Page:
• 30. DESIGN FIRST: DESIGN-BASED PLANNING FOR COMMUNITIES Figure 1.11 Seaside, Florida, Duany and Plater-Zyberk, 1982. This modest development became the poster child of traditional urbanism, but soon became the victim of its own success with escalating house prices, fostering the (unfair) image of New Urbanism as the exclusive province of an elite middle class. initially known as Neo-Traditional Development or Traditional Neighbourhood Development (TND). As we discuss in detail in Chapter 3, the co-mingling of Duany and Plater-Zyberk’s TND on the east coast with Peter Calthorpe’s experiments with ‘pedestrian pockets,’ or Transit-Oriented Development (TOD) on the west coast in the late 1980s gave rise to the movement now known as New Urbanism in 1993. In the subsequent 10 years, these once radical ideas about city and suburban design have gained considerable acceptance in the development community. However, many battles remain to be fought; it is still much easier in America to produce standard suburban sprawl than to create sustainable mixed-use urban communities. In academia, it was New Urbanism’s historicist leanings that engendered a negative reaction in many American schools of architecture. The return to traditional types of urbanism came under challenge from academic architects who saw this reversion to traditionalism as a retreat from the high intellectual ground of modernity, or the convoluted games of postmodernity, into the reactionary romance of nostalgia. Moreover, professors at prestigious architectural institutions found it uncomfortable, even demeaning, to be associated with ideas that were gaining currency in the ‘soiled’ world of the marketplace. But more important than this American squabble, the relevance of traditional urbanism was challenged by revolutionary developments in another sphere – in information technology. The creation of ‘virtual’ 22 space on the Internet as a competitor to ‘real’ space in communities poses new challenges and dilemmas for our society, and for the professions of architecture and planning. It is to that conflict of paradigms that we must now direct our attention. REAL PLACES AND VIRTUAL COMMUNITIES This technological challenge to traditional urban space is not the first one in the history of the modern city. For an earlier example we have to return briefly to the 1960s, when the dispersed scale of the new automobile landscape in America threatened to make the traditional city obsolete. Even in Britain during the 1960s, proponents of picturesque urban design, the kind so neatly captured in Gordon Cullen’s book Townscape, were still in the minority. This approach to the design of pedestrian-friendly urban spaces remained alive in Britain in only a very watered down manner in the layout of several postwar New Towns. In America, similar design principles that had been characteristic of that country’s Romantic Garden Suburbs of the 1890s through the 1920s all but disappeared in the decades after World War II. Designers like Cullen stayed focused on these kinds of urban spaces because they believed they could foster a sense of community and belonging that was demonstrably absent in the voids between the towers and slabs of high-rise housing and in the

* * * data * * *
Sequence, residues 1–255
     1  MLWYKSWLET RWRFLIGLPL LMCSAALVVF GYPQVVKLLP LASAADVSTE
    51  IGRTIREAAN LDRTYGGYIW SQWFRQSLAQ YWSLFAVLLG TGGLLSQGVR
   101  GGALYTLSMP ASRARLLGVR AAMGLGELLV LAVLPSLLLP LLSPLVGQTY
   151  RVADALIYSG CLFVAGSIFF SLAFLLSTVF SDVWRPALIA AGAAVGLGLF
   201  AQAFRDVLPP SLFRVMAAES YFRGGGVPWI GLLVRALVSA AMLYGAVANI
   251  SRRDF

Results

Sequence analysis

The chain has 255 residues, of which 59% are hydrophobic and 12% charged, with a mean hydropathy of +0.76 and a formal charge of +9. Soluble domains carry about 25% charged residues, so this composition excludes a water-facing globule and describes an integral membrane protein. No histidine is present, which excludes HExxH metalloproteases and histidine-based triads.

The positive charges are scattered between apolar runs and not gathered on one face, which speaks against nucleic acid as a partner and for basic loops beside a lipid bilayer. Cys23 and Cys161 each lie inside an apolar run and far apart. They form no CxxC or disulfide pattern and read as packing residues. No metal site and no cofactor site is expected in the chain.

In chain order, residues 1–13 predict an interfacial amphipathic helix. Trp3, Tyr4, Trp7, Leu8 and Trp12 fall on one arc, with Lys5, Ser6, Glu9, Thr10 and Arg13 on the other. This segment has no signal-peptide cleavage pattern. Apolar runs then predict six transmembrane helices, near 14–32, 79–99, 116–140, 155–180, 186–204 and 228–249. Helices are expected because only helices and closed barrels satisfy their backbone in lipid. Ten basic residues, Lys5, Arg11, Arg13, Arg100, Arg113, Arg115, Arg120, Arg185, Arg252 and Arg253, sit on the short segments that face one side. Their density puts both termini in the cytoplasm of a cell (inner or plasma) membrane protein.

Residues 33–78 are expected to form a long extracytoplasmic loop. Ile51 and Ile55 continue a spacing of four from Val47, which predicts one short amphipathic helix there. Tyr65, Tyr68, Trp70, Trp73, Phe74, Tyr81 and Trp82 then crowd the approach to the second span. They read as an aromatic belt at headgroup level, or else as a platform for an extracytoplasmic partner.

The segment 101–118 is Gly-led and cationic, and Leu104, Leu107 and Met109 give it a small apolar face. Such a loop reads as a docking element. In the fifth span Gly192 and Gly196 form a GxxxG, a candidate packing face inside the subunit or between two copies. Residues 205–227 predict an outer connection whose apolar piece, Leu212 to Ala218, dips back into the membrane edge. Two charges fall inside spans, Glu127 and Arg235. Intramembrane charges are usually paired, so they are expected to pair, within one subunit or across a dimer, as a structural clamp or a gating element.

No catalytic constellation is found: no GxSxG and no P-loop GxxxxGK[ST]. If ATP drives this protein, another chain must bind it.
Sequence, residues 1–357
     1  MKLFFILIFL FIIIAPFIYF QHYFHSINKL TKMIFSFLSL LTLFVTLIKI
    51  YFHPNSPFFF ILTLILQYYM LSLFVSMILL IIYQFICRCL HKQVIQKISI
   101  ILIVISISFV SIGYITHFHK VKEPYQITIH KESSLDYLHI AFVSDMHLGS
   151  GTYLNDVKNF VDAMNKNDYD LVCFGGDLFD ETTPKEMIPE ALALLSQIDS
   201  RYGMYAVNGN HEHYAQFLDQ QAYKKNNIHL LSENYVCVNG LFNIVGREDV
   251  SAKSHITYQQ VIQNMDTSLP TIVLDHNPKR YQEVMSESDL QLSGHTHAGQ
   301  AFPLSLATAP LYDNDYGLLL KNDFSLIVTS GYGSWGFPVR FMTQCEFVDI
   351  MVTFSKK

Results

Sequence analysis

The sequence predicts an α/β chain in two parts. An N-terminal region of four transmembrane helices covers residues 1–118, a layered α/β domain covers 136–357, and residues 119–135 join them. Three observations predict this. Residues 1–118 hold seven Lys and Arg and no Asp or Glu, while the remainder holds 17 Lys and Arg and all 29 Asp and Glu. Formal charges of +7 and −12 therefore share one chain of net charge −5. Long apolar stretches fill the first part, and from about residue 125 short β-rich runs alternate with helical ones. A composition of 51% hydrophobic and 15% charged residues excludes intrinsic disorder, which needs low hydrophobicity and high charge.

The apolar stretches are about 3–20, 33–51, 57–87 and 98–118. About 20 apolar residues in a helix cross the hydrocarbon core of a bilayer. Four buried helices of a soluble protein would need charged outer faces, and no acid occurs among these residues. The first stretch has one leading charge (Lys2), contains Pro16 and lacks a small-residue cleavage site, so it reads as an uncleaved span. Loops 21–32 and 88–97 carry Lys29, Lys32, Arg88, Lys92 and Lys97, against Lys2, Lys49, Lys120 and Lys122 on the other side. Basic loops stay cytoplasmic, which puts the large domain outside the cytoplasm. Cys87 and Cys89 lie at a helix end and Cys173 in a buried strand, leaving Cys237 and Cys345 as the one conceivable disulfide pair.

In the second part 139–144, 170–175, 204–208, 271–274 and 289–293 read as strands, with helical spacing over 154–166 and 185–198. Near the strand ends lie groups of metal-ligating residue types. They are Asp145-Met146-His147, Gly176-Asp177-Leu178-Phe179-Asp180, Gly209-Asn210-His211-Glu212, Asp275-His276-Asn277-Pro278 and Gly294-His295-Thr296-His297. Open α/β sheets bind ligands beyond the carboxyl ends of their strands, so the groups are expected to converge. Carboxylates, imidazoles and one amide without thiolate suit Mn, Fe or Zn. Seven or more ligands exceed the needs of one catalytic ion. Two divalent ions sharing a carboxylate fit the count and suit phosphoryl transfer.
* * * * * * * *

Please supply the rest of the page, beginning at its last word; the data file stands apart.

• 31. CHAPTER ONE dull repetition of developer-produced suburbia. The placelessness of modernist cities and suburbs was critiqued more savagely by commentators like Ian Nairn, who, starting in the 1950s, routinely castigated examples of miserable civic design in a regular column in the Architectural Review entitled ‘Outrage,’ and extended this argument into the books Outrage and Counter-attack against Subtopia (Nairn, 1955, 1957). More often than not these bad examples were in suburban situations that Nairn and others felt lacked any sense of cohesion or traditional urbanity. Cullen’s beautifully illustrated book dealt with the same subject matter, but its message pushed architects more gently towards a re-appreciation of traditional spaces and city textures and this concern blended easily with Jane Jacobs’ American praise for the traditional streets of her New York urban neighborhood. But at the very time in the early to mid-1960s, that some architects and urbanists were retracing their steps toward the traditional city, progressive planners began to challenge these concepts as outmoded and unrealistic in the new culture based on expanded personal mobility and the automobile. Not surprisingly this challenge came from America, where, in 1963 and 1964, the academic planner Melvin Webber from Berkeley, California, wrote two influential articles entitled Order in Diversity: Community without Propinquity and The Urban Place and the Nonplace Urban Realm, in which he rejected models of the city based on traditional spatial patterns. Webber and others argued that it was a mistake to critique the expanding city as shapeless sprawl, and to long for traditional streets and squares, because this missed the point that the car had changed the relationship between space and time in cities. People now conceptualized distance not in miles, but in minutes, based on the time it took to drive to their destinations. Propinquity, being near everything one needed, was no longer a necessity for mobile families. Instead of defined physical places in the traditional townscape sense of spatial enclosure and walking distances, the new city was based on a pattern of dispersal, where individuals and families constructed their sense of the city from a series of physically discontinuous locations, connected only by driving. The city was no longer experienced as an integrated hierarchy of places and neighborhoods. Instead it became a non-hierarchical network where locations were equalized by their accessibility by car. Webber’s argument that the automobile would release people from the ties that bound them to particular places, and open up new possibilities of mobility ● PARADIGMS LOST AND FOUND and connections with a wide variety of locations, coincided with the explosive growth of American suburban development in the 1950s and 1960s. New housing subdivisions, shopping centers and office parks were built on open land with few spatial constraints, and connected by the ubiquitous system of what were then high-speed commuter freeways. The real point of Webber’s thesis, however, was not simply that it was possible to move around easily to lots of different places, or that a new architecture could evolve from the technologies of movement, but that at a deep, fundamental level, place didn’t matter anymore. Instead of community being grounded in a particular location, a new pattern of social relationships could be created from weaving together the disparate strands of daily life from a variety of generic locations. In this context, argued Webber and other academic planners, traditional urban forms were simply irrelevant. In Britain, the Archigram movement of the 1960s and 1970s extended this thesis with inspiring images of ‘walking cities’ that carried everything needed to sustain life and culture in their famously massive tortoise-like forms. A few years later, the same group proposed a contradictory ‘soft’ architecture that placed more emphasis on fast-changing technical systems that could ‘plug in’ to any existing building situation and provide environmental and cultural services that could enrich all locations. The place didn’t matter, and the character of the buildings in any location was immaterial. Drawing on a unique blend of science fiction and science fact, Archigram elaborated the theme that technology can render geographic location unimportant by supplying all necessary support systems without primary recourse to the natural or urban worlds. This shifting equation between propinquity and accessibility has remained a central issue for architects, planners, geographers and cultural critics (Sennett, 1971, 1974; Castells, 1989, 1997; Harvey, 1989; Soja, 1989; Jameson, 1991; Howell, 1993; Watson and Gibson, 1995; Mitchell, 1995, 1999). Many have expounded at length on this dilemma, offering various interpretations regarding the urban politics of power and place. For Webber and his colleagues forty years ago, the issue was originally one of new equations between physical distance and ease of personal travel, but the information technology revolution of the 1990s has radically changed the parameters of the discussion. Webber, Archigram, and many other designers, planners, and critics reordered physical space relative to new technologies, but real space was still the medium of human discourse. Proponents of our new 23